I’m baaack!

Well, if you didn’t notice that I’d gone anywhere, just carry on as you were, but if you did notice, well, you’ll be pleased (?) to know that I’m back.

I spent a week on the other side of Australia visiting my family. My grandmother turned 90 and along with all the celebrations there was a fair amount of death talk. That part kind of surprised me because, well, I didn’t think it was cool to talk about death when you’re celebrating someone’s birthday. But apparently the taboo gets thrown right out the window once you reach the venerable old age of 90. Even my ten-year old niece joined in the act by asking the very truthful, but incredibly uncomfortable question of:

“When you die are we going to bury you under the dirt?”


It freaks me out to think that my grandmother was alive in the time of Downton Abbey – Season Four at least (and yes, that is how I measure things).

But it was a nice relaxing week during which I slept in everyday, had a couple of hardcore Chinese massages (I nearly needed to safeword during the second one and I have bruises to show for it) and spent quality time with my family.

I generally managed to stick to my diet and even went to a couple of gym sessions in my home town. I had baaad instructors though and it was a relief to go back to my usual Combat class this morning. Although I said I wouldn’t weigh myself, I eventually ended up succumbing to curiosity just before I departed and I discovered that I’ve lost at least a stone, or fourteen pounds or 6-ish kgs – depending on which part of the world you live in.

Coming back on the plane, I also had the lovely experience of being on a newly fitted-out Qantas 737 which had an iPad in each seat pocket as the entertainment unit. I watched a documentary about the real Von Trapp family (yes, that Von Trapp family. I knew nothing about them other than what I’d “learned” from way too many viewings of The Sound of Music, so it was interesting from that perspective) and a documentary about fasting diets. Having not really read much of the literature about fasting, it was surprising to learn about the health benefits (albeit, there aren’t many human studies out there yet).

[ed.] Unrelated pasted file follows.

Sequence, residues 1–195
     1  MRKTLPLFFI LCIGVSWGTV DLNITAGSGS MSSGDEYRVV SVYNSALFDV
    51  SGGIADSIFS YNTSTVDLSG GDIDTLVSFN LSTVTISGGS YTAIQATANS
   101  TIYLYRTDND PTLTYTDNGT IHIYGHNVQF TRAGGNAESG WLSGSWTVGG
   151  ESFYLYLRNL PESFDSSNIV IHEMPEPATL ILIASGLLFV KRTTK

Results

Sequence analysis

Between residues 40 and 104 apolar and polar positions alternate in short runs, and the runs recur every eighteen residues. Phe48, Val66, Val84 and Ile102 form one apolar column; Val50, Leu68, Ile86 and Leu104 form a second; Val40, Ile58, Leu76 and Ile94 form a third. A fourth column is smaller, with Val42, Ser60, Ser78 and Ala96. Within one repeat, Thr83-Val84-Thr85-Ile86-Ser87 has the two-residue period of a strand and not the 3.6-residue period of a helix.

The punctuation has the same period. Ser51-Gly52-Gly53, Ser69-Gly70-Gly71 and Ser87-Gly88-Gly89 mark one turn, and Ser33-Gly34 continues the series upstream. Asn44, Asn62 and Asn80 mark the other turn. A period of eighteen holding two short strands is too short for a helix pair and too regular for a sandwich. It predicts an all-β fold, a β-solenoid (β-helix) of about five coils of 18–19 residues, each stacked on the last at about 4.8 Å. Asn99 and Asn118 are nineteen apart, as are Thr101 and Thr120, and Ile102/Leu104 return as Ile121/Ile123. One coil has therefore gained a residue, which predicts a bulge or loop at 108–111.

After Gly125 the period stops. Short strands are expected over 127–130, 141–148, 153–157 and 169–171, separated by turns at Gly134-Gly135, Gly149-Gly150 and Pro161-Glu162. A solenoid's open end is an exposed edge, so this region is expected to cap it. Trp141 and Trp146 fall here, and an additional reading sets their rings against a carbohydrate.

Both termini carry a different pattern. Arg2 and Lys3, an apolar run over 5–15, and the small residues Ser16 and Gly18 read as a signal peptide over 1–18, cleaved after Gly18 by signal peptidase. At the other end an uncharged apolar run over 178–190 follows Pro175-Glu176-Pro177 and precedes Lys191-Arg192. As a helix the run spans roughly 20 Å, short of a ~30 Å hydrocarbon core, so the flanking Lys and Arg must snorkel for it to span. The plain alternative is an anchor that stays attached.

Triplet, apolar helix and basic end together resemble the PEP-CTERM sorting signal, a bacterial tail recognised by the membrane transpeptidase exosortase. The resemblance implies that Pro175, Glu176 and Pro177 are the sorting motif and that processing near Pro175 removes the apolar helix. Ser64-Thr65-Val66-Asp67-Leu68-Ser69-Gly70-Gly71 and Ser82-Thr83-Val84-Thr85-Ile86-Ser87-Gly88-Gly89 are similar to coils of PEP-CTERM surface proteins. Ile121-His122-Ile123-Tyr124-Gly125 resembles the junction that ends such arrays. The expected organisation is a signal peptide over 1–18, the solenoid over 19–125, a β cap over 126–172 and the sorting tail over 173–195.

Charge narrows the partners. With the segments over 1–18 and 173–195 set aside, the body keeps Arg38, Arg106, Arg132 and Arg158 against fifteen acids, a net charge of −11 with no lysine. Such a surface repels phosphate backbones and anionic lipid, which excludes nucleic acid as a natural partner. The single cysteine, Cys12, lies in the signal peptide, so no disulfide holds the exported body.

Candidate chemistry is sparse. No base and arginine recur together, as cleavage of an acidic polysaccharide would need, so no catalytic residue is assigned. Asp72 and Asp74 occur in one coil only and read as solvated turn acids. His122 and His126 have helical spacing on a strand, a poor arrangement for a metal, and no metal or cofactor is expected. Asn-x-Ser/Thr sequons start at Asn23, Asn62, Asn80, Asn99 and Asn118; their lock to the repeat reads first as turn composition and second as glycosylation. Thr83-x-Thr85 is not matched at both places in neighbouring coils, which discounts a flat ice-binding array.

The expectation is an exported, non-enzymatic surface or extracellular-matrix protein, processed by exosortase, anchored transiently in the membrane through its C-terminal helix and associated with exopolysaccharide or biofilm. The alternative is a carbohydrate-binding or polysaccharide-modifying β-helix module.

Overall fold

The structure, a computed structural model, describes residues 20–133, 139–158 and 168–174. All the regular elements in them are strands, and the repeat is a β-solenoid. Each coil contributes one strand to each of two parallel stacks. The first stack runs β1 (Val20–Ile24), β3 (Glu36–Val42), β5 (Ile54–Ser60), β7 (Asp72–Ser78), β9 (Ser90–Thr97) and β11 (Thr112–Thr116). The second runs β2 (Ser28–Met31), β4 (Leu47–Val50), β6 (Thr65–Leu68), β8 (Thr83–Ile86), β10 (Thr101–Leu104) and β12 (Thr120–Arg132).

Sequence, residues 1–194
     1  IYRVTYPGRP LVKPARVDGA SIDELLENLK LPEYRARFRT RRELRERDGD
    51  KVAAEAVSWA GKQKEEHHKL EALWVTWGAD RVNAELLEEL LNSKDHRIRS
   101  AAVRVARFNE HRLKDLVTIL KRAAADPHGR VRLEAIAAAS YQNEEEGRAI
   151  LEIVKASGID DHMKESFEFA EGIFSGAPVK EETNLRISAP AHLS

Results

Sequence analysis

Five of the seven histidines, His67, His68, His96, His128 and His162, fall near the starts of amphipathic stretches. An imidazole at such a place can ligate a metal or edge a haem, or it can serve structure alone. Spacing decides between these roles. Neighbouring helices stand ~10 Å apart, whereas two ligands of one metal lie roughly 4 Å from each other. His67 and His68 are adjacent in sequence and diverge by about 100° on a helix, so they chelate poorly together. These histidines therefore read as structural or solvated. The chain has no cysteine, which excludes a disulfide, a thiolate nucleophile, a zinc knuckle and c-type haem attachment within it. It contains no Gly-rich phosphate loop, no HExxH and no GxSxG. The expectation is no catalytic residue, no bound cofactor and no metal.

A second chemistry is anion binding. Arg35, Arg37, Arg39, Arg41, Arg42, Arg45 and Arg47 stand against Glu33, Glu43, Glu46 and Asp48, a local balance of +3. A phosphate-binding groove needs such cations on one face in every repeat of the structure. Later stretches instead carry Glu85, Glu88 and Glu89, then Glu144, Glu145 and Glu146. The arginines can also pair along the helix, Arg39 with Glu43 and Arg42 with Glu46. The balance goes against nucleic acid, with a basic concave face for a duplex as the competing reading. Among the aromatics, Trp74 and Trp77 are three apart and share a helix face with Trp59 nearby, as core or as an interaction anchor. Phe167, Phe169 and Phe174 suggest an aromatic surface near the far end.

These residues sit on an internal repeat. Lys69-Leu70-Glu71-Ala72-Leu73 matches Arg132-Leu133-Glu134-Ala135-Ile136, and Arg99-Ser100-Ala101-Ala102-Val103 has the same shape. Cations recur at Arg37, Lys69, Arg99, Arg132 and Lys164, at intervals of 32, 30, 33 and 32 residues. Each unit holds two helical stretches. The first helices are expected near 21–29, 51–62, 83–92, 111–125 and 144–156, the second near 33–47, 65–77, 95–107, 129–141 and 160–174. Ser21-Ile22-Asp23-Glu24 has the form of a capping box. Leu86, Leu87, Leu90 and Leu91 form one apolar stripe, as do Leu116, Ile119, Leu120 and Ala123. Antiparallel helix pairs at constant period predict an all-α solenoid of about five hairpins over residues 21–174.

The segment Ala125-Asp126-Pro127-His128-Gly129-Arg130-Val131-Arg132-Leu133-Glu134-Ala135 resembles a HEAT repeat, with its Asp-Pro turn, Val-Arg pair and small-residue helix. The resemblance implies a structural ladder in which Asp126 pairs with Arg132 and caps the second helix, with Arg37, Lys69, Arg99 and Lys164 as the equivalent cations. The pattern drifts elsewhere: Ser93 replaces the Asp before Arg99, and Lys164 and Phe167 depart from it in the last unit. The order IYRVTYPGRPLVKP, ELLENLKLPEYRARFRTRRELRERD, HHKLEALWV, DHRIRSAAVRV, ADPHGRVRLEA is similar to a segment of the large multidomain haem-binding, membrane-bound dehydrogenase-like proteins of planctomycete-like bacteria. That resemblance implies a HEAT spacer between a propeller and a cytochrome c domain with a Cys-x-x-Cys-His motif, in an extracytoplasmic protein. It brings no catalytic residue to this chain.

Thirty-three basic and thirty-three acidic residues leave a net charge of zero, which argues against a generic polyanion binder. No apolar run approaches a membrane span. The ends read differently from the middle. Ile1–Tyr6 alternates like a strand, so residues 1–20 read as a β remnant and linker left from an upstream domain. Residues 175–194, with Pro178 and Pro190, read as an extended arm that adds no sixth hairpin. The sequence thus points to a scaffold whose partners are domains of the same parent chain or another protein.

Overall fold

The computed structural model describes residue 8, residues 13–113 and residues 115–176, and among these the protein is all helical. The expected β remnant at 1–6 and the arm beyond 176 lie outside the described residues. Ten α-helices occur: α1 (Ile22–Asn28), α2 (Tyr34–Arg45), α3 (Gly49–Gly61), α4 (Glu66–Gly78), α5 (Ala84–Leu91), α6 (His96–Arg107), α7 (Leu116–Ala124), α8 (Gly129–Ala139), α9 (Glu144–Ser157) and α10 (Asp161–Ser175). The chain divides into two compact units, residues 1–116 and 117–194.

So other than the fact that I did very little story writing (just couldn’t get into the mood) and I failed at doing all the other things I said I would do like sending some very overdue emails, I had a lovely holiday.



3 thoughts on “I’m baaack!

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  1. welcome home!
    Death talk is all the rage, dear girl – have you not heard of Death Cafes? Popping up everywhere. (where folk go to discuss the big D, not actually do it!) Fabulous idea! We should all be much more open about death…it is after all our only guarantee…and then families would be sure of people’s wishes (both during the process and afterwards) and there would hopefully be more acceptance of it as an inevitability of natural processes rather than medicalising it unnecessarily. (70% of people wish to die at home, but more than 70% actually die in acute care hospitals)
    Death is so my thang… am studying Masters degree specialising in clinical ethics at the end of life 😉

    1. I must have missed the coming of the boom in death talk! Lol.
      I do understand the practicality of communicating your wishes to your loved ones, but it seemed weird to be almost celebrating life and death in the same breath. Weirdly enough, M had talked me through his wishes for his funeral the other day in the car on the way to the gym…bizarre.

      Your study sounds fascinating. I find it appalling that in this country you cannot choose to die and that euthanasia is not a legal option. I also think we sometimes try too hard these days to save people that shouldn’t be kept alive. I read a story in the paper the other day about a football player who had been brought back after 30 mins of CPR. His family was lamenting the fact that they had brought him back because his ‘life’ and the lives of those forced to care for him were a misery.
      I hope I have a ‘clean’ death…

      Speaking of death, have you seen the Japanese movie “Departures”? It’s a good introduction to Japanese cultural ideas about death that you may find interesting.

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